Thirty people have been identified as descendants of an ancient Scottish family, after its specific genetic group was identified in a genealogy research project run at the University of Strathclyde.
The group has been identified for the Boyd family, which includes Earls of Kilmarnock and which was first recorded in Irvine, North Ayrshire, in 1205.
The discovery has been made as part of the Declaration of Arbroath Family History Project, which is seeking descendants of the historic document’s ‘signatories’, to coincide with its 700th anniversary next year.
A member of the family, London-based architect Tim Boyd, was invited to take a Y-DNA test by the researchers. He was already documented as a descendant of Gilbert Hay, Constable of Scotland, who was named in the 1320 Declaration which asserted Scottish sovereignty. He was also known to be a male line descendant of Sir Robert Boyd of Noddsdale, who, while not a signatory of the Declaration, was a prominent supporter of King Robert the Bruce.
Members of Boyd families who have already taken a Y-DNA test, or are planning to take one, will be able to discover whether they are descended from the 13th-century family.
Graham Holton, a Lead Tutor in Strathclyde’s Genealogy Staff Team, said: “The genetic group we have identified forms part of R-U198 and several more specific genetic markers have also been identified via advanced testing.
“They distinguish this notable family from others of the Boyd surname, some of whom have a very interesting male ancestry of African origin, belonging to another genetic group, A-M32.”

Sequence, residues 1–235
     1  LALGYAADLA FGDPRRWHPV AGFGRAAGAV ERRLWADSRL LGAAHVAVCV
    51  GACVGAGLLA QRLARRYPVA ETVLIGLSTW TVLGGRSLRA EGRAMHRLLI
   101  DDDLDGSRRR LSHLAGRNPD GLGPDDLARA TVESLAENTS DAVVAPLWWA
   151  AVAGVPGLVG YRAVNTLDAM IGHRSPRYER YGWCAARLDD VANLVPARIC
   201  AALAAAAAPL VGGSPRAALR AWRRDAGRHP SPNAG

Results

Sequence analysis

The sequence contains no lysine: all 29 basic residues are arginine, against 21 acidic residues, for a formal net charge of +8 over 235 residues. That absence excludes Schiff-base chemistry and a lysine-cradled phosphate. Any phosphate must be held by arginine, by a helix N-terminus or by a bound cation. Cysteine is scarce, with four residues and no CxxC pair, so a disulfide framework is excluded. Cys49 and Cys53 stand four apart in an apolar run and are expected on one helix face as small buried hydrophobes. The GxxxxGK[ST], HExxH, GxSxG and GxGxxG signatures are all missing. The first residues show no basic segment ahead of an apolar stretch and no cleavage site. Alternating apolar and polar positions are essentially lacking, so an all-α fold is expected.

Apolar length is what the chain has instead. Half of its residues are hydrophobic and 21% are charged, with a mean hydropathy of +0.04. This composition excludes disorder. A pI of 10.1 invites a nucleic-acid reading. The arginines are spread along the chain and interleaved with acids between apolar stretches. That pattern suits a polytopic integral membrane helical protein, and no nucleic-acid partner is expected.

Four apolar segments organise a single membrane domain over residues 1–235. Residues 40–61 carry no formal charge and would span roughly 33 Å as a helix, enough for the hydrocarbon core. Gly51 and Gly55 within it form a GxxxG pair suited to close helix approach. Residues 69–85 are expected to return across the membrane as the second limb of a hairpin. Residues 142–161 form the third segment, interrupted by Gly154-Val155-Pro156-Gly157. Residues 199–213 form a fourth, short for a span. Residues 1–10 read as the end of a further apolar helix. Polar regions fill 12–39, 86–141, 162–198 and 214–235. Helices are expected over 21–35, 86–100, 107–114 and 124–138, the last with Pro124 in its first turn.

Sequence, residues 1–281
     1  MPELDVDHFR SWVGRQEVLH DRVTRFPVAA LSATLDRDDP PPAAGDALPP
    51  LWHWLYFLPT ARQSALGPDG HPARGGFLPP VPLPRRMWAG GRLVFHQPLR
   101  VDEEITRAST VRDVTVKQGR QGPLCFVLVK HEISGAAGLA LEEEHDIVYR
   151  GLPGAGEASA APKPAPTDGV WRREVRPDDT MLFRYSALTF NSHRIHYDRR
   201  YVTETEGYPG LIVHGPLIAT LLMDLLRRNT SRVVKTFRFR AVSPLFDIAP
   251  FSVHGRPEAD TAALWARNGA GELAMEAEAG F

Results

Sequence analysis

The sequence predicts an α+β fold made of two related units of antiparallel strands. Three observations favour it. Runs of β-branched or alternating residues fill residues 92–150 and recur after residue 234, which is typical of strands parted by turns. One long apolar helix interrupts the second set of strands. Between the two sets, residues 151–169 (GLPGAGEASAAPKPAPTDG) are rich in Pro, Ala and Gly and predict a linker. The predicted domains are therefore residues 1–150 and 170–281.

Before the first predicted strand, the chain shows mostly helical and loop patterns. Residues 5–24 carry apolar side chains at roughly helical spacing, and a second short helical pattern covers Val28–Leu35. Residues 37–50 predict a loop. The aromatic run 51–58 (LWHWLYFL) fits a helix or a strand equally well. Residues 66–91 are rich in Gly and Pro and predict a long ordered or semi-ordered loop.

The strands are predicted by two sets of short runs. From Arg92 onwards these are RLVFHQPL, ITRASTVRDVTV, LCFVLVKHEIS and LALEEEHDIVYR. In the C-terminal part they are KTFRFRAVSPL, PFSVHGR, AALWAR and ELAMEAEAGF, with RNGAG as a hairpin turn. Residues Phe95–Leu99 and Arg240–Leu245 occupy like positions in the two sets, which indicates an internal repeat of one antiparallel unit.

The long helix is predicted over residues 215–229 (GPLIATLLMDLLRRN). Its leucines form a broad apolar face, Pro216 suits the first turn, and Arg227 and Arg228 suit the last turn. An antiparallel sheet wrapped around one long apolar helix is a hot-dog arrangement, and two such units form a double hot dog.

As well as being descended from two prominent figures during the period of the Scottish Wars of Independence, Mr Boyd has other notable people in his ancestry. They include William Boyd, 4th Earl of Kilmarnock (1705-1746), whose wife was a descendant of Gilbert Hay, and who supported Bonnie Prince Charlie in the 1745 Jacobite rising. After the Battle of Culloden in 1746, in which his son, James, fought on the victorious Government side, the Earl was captured and subsequently beheaded.
James Boyd later became Earl of Erroll and, as a result, took on the name of Hay. In 1941, his direct descendant, Josslyn Hay, 22nd Earl of Erroll was the victim of a notorious murder case in Kenya, which became the subject of the 1988 film White Mischief.
Mr Holton said: “Around 30 of the members of the Boyd Y-DNA project now know that they belong to the Boyds of Kilmarnock. Scotland is now unfamiliar territory to most of these, since almost all of them live in North America or Ireland, but it remains part of their heritage.”
The research was carried out in co-operation with the R-U198 haplogroup project and the Boyd Y-DNA project.
Find out more about the Declaration of Arbroath Family History Project.
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